ENGLEWOOD — John Moffitt wasn't unhappy with a lack of playing time in Denver. He quit the NFL because he'd lost his love for the game and was tired of risking his health.
The third-year guard from Wisconsin called the Broncos from his home in Seattle this week to notify them he wouldn't be returning to the team following its bye.
Then he announced on Twitter that he was calling it a career, saying, "Football was fun but my head hurts-haha kidding roger goodell. I'm on to new things, thanks to everyone along the way!!!"
The Broncos put him on their reserve/left team list on Tuesday when they activated center J.D. Walton from the physically unable to perform list.
They have five days to formally release Moffitt, who left more than $1 million on the table, including about $312,000 for the remainder of this season and more than $700,000 in salary next season.
Moffitt said he knows teammates and fans don't understand how he could forgo the fame and fortune of pro football.
"I just really thought about it and decided I'm not happy. I'm not happy at all," Moffitt told The Associated Press in a phone interview from Seattle. "And I think it's really madness to risk your body, risk your well-being and risk your happiness for money.
"Everybody, they just don't get it and they think it's crazy. But I think what I was doing is crazy."
He said he didn't want to see things through this season for the shot at a Super Bowl.
"I don't care about the Super Bowl. I don't," Moffitt insisted. "I used to. I mean, anytime I played this game, I gave my heart to it and I'm a person that does thing with his heart. ... I don't need the Super Bowl experience. I played in great stadiums and I played against great players. And I had that experience and it's enough."
The Broncos acquired Moffitt on Aug. 20 from the Seahawks after he'd lost out on one of two starting guard spots in Seattle during training camp. He played in two games for the Broncos (7-1).
Moffitt, 27, made about $1.5 million before taxes in his 2½ seasons in the NFL.
"I've saved enough. It's not like I'm sitting here and I'm a millionaire," he said. "That's what I kind of realized. I'm sitting here and I got to this point and I was like, what is the number that you need? How much do you really need? What do you want in life? And I decided that I don't really need to be a millionaire.
"I just want to be happy. And I find that people that have the least in life are sometimes the happiest. And I don't have the least in life. I have enough in life. And I won't sacrifice my health for that."
Moffitt stressed that he's not passing judgment on his former colleagues, saying, "This is all my personal stuff and I respect this game and I respect the men in this game."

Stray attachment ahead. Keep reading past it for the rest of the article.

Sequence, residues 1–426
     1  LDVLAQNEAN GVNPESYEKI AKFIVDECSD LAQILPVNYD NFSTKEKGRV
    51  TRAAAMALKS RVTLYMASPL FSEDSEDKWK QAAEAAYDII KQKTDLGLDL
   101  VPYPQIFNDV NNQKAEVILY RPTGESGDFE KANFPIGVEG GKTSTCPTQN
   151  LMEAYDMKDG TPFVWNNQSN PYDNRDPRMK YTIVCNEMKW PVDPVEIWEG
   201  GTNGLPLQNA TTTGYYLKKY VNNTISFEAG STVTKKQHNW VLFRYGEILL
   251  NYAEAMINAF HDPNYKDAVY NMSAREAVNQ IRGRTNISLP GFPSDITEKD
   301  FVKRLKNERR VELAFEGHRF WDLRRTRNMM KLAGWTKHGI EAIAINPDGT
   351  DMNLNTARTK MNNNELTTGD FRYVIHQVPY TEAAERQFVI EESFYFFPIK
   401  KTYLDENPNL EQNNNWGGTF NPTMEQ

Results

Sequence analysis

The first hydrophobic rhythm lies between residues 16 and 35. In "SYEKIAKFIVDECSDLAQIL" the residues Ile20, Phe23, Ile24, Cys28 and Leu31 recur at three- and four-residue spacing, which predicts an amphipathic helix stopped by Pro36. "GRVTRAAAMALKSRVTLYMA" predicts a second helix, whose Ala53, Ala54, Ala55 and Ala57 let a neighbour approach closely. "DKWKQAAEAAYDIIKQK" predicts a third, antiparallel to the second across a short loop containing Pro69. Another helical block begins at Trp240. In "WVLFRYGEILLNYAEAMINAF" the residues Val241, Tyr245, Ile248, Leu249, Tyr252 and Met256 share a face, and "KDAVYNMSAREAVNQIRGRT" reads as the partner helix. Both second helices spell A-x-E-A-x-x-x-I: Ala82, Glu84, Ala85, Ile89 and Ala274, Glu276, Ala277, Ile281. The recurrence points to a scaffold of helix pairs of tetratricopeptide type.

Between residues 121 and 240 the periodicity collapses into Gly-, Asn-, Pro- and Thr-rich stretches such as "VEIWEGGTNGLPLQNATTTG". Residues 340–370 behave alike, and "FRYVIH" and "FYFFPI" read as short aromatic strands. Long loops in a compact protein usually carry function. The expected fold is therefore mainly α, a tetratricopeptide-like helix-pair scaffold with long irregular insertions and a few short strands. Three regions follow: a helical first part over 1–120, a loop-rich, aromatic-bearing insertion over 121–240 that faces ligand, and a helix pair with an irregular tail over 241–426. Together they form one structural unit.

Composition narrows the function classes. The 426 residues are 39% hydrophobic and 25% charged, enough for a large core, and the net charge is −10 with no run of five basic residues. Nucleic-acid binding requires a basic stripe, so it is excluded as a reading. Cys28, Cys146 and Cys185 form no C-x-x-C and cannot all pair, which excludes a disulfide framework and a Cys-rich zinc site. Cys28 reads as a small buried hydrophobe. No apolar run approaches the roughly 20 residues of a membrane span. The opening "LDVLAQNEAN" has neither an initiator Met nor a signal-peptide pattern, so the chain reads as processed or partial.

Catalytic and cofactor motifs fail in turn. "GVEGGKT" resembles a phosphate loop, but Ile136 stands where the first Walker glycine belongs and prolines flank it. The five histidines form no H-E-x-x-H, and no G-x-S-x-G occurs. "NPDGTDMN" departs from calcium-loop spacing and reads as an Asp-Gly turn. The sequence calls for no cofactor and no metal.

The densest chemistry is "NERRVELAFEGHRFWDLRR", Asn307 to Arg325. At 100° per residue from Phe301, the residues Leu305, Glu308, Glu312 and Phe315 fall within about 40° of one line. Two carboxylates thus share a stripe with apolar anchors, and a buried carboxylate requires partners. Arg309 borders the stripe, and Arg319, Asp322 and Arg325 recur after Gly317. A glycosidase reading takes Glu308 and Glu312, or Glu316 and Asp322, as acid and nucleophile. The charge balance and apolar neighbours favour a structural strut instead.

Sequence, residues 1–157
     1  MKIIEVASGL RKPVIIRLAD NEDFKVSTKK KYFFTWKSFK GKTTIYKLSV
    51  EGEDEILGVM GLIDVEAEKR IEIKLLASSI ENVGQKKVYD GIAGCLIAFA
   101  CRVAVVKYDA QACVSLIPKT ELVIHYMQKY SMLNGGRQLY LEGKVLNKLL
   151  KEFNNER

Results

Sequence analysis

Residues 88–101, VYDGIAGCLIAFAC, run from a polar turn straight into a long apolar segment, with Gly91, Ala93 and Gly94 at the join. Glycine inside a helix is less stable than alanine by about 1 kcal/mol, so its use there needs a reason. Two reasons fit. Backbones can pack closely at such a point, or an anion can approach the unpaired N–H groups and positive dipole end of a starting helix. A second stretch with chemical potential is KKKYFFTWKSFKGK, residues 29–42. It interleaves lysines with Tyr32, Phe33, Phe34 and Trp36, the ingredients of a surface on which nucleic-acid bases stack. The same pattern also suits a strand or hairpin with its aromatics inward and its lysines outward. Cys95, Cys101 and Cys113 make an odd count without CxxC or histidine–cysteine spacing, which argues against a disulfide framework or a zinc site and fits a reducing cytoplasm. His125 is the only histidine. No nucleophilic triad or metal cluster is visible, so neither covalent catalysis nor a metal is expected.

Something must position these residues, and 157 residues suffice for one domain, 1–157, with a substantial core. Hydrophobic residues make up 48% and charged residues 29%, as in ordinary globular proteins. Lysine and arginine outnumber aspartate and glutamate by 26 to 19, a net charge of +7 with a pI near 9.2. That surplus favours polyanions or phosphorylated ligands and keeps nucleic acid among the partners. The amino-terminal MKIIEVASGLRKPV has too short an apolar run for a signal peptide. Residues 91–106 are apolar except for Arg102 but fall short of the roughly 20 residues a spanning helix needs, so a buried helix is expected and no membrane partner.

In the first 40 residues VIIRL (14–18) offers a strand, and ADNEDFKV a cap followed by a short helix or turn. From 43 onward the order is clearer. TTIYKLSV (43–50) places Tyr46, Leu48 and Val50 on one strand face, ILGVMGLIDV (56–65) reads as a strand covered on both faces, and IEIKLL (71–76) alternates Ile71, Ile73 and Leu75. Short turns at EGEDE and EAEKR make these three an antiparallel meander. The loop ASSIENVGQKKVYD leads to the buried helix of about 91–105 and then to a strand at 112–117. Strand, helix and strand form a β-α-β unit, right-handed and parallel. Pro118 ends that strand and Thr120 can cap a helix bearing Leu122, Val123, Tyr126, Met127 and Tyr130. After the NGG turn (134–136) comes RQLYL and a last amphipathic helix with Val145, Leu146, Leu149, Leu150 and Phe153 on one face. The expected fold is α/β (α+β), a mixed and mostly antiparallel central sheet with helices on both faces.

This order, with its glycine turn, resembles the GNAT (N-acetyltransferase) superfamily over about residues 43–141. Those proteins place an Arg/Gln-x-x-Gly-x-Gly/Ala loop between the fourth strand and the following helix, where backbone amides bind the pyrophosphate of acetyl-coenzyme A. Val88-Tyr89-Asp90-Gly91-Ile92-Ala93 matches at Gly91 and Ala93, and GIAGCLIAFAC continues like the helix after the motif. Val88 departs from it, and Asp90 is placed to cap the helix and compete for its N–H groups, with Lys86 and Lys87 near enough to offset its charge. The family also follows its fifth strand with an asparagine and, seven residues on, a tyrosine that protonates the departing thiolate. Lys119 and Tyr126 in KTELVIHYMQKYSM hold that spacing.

Although Moffitt never had a history of concussions, he acknowledged all the blows he sustained in practices and games concerned him.
"I'm not trying to be the poster boy for 'Oh, I thought I should leave because of concussions.' I'm just saying, it's a valid point," Moffitt said. "I love the game and I respect the game and everybody who plays it knows what they risk and I knew what I risked when I played, and I'm no longer willing to risk it."
Moffitt majored in sociology at Wisconsin and said his world view was really shaped over the last couple of years when he began studying the writings of the Dalai Lama and Noam Chomsky.
Now that he's out from behind the NFL shield, Moffitt said he's looking forward to speaking his mind on the radio and in podcasts he's going to produce. He said he has plenty of opinions to share on everything from philosophy to politics, although he has less to say about sports.
He said he also wants to go on a diet now that he doesn't have to maintain his 319-pound physique.
"I would like to grow my own food for a while, lose a ton of weight, feel great. And spend time with people I love and be happy," he said.
Moffitt said the timing of his decision had nothing to do with Walton being activated from the reserve/PUP list, although "I'm glad it worked out like that." And he said he felt bad his decision coincided with coach John Fox's heart operation.
He doesn't regret playing football, either.
"Obviously, I wish things worked out better in Seattle. I wish I played more there, but I loved college football. I loved being in Seattle playing football. It wasn't always the easiest, but I live here now and I'm thankful," he said. "I look back and I'm thankful for the whole experience. That's enough for me."
Moffitt said he wants to spend more time with his parents in Connecticut and with his girlfriend and her 5-year-old daughter in Seattle. He said his father is "my best friend and I never get to see him."
Moffitt said he'll miss playing in games and goofing around with the guys, but he's glad the rest of his NFL life is over.
"Once you tear away all the illusions of it, it's hard work. And it's dangerous work. And you're away from your family. And it's not good for families. It's very tough on families," he said.
Moffitt is also glad to leave the league on his terms.
"I'm ready to go to work and start doing other things right now," Moffitt said. "So, it's a smoother transition and I'm still young enough to start a career and my body's healthy and I'm good. I look at it as a great start to life, you know?"
AP NFL website: www.pro32.ap.org
Follow AP Pro Football Writer Arnie Melendrez Stapleton on Twitter: http://twitter.com/arniestapleton